Why the Inside of Your Windshield Is Always Dirty
Keeping your car clean is both important and satisfying, and no area is more important than your windshield. But, if it seems like the inside of your windshield is always dirty, even after repeated cleanings, you’re not insane. There’s a reason for that constant film inside your car windows, and there’s not a whole lot you can do about it.
New car smell and windshield haze are one and the same
No matter what Rain-X, Meguiar’s, or ArmorAll try to sell you, there is no way to prevent that interior windshield haze. That’s because the haze itself isn’t the result of fogging or even dust. It’s chemical. Specifically, it’s the chemicals gassing out of the plastics and synthetics both on and under your dash.
Nearly everything inside a new car is some form of plastic, resin, or leather. And all of those substances gas off Volatile Organic Compounds (VOCs). The problem is made worse under the heat of the sun, and worse yet when there is no air circulation. So, the inside of a parked car is the worst possible scenario.
All of those evaporating chemicals have to land somewhere, and the inside of your windshield gets hazy and dirty as a result.
How do I get the haze off my windshield?
As we mentioned, there is no way to completely eliminate that interior windshield haze from happening. However, you can make life easier for yourself by using the right window cleaners to remove all of the haze as it happens.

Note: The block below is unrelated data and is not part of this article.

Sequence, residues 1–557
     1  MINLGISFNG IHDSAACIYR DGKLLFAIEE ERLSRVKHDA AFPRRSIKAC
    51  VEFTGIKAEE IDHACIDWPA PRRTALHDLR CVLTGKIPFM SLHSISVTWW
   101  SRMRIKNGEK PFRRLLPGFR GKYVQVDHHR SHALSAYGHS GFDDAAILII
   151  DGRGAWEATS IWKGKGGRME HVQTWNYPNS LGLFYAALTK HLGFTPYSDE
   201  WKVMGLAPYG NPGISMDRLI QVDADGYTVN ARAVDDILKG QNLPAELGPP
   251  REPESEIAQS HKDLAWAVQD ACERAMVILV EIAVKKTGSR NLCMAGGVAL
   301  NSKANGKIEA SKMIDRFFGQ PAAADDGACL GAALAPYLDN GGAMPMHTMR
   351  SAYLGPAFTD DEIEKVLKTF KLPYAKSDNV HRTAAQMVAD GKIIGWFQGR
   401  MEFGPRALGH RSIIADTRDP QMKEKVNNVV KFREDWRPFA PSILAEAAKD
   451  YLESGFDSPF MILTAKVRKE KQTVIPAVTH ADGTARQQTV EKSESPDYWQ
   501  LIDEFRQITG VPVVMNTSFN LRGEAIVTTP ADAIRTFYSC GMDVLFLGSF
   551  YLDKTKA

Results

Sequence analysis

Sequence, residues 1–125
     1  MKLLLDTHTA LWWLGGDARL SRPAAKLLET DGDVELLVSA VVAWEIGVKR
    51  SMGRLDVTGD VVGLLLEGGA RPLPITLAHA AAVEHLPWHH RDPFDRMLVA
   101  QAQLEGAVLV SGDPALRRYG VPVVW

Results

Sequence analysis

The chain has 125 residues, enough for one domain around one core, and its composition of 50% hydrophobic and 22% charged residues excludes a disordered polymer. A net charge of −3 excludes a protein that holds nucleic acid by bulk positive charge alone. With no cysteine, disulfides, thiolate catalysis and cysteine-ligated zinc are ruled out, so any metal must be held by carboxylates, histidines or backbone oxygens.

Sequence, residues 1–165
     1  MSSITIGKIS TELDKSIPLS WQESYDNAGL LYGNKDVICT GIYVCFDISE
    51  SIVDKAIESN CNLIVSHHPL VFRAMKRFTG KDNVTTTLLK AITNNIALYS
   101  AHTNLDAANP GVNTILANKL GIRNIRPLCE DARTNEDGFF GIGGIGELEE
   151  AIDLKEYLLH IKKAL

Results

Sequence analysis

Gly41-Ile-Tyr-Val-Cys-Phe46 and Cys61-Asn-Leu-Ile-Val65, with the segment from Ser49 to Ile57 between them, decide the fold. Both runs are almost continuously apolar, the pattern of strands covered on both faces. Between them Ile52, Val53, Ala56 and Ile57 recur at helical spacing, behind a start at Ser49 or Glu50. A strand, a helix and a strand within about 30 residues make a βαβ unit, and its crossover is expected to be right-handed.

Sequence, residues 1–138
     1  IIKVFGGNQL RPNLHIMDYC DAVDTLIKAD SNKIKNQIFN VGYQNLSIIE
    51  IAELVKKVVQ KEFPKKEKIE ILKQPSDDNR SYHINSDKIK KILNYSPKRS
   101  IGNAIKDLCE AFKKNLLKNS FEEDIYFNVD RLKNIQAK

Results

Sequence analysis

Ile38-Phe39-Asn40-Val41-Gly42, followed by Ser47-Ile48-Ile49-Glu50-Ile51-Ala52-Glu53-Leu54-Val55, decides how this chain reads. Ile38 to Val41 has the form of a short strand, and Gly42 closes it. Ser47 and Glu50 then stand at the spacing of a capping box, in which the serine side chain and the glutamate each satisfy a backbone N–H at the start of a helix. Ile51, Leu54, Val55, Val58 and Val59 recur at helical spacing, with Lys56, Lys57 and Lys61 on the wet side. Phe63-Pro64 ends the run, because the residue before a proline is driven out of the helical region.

Ammonia-based window cleaners work best, as they cut through the chemicals quickly and effectively. And if that is too harsh, rubbing alcohol or vinegar can have the same effect. (Safety tip: Do not mix ammonia cleaners with any acids, alcohols, or bleach to avoid creating toxic fumes)
Spray the entire windshield and wipe it with a clean, dry microfiber towel. Then, go over the window again with another dry towel, in a circular buffing motion until the glass is dry.
Keep the air inside your car moving
Because stagnant air and heat both accelerate the accumulation of windshield haze, leaving the windows cracked can help reduce it. Furthermore, parking in the shade or a garage (if possible) will also slow down the time it takes for noticeable haze to cloud up your windows. Overall, though, the inside of your windshield will always wear the brunt of these wafting chemicals. So your best bet is to keep your favorite cleaner and some towels handy for a clear view.
Interior windshield haze is, unfortunately, inevitable
While there is unfortunately no way to prevent windshield haze, using these tips can help make your driving life easier (and clearer!). From garage parking and air circulation to constant cleaning with the right chemicals, you can reduce how dirty the inside of your windshield is for a safer drive.